India's 3G Players Face Share Issue
In addition to the joint use of passive infrastructure (cell towers), the Telecom Regulatory Authority of India (TRAI) already allows India's operators to share active assets, including radio access and backhaul infrastructure.
Now, it's hoped, this can be extended to the sharing of spectrum. The TRAI has recommended that license holders should be able to share their spectrum, but this has not yet been ratified by Department of Telecommunications .
"There has been a lot of pressure on the government to allow spectrum sharing, and it should happen soon," says a highly placed government official on condition of anonymity.
Informed opinion suggests the government delayed its decision on spectrum sharing until the 3G auction was over, so that the process would generate as much income as possible: If the DoT had allowed spectrum sharing before the 3G auction took place, the carriers may not have driven the spectrum prices so high.
Analysts also believe that the government should allow spectrum sharing as it fits neatly with its efforts to give all operators equal opportunity to compete. "We feel that, this time around, the government is likely to allow this since they are trying to [provide a] level playing field to all [service providers]. The government also realizes it cannot give the same amount of spectrum [to each operator], and spectrum sharing is better than nothing," says Shiv Putcha, a principal analyst at Ovum Ltd.
Allowing spectrum sharing would enable operators to reach into additional markets -- a key consideration for all of India's mobile operators, as none of them have pan-India 3G spectrum. Aircel Ltd. , Bharti Airtel Ltd. (Mumbai: BHARTIARTL), and Reliance Communications Ltd. hold the most licenses, each having landed spectrum in 13 of India's 22 circles (service areas).
On the network side, the deployment of 3G equipment should also encourage greater active infrastructure sharing among the carriers. "3G is based on IP technology and is inherently more shareable than 2G, so there will be an increase in active infrastructure post 3G," predicts Umang Das, president of cell tower operator Quippo Telecom Infrastructure Ltd. . "In most of the markets, active infrastructure picked up only after 3G came into the picture," adds Das, who expects to see most of the active asset sharing activity in India's rural markets.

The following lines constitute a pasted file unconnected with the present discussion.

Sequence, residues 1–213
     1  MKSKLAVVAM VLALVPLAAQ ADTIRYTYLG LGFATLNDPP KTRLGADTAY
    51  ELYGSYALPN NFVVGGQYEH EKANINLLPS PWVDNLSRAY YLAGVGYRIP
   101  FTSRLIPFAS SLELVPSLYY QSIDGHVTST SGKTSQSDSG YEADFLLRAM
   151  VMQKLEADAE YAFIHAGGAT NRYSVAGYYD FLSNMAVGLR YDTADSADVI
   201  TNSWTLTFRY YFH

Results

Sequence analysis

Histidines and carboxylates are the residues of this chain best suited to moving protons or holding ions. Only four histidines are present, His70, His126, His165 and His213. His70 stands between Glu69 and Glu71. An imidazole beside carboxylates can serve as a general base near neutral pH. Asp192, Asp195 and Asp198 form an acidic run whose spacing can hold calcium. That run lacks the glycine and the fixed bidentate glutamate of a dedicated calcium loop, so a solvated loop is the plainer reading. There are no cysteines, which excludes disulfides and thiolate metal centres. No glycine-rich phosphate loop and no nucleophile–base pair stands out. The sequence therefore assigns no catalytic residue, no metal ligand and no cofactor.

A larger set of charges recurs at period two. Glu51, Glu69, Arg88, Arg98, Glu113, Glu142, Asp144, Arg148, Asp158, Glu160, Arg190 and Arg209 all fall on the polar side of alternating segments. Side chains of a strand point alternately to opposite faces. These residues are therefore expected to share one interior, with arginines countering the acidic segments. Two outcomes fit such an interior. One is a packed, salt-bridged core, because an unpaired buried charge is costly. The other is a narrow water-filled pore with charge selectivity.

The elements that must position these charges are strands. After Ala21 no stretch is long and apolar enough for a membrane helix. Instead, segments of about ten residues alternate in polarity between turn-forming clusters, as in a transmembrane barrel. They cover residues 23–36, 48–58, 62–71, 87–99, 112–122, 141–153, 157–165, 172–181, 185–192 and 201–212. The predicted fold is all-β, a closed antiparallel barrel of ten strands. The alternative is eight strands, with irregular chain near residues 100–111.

Another tower company, GTL Infrastructure Ltd. , agrees that 3G buildouts will encourage active network sharing as the license-holders look for ways to boost their return on investment.
GTL has already formed a new company, Global Rural Netgo, primarily to facilitate active infrastructure sharing, which can result in the "optimum utilization of radio frequency. We have approached many operators, but they are more interested when 3G comes along,” says GTL director Charudatta Naik.
Sanjay Nayak, CEO at equipment vendor Tejas Networks India Ltd. , also expects increasing activity. "The operators don't have much option but to focus more on active infrastructure [sharing]. They have to focus on data... the focus will shift from wireless coverage to backhaul capacity," believes Nayak.
While 3G will lead to increased asset-sharing in some areas, there are some aspects, like 3G billing, that the operators are not likely to share. "The operators are not likely to share such areas like billing infrastructure in which they have to share the contact details of the subscribers," says Ovum's Putcha.
— Gagandeep Kaur, India Editor, Light Reading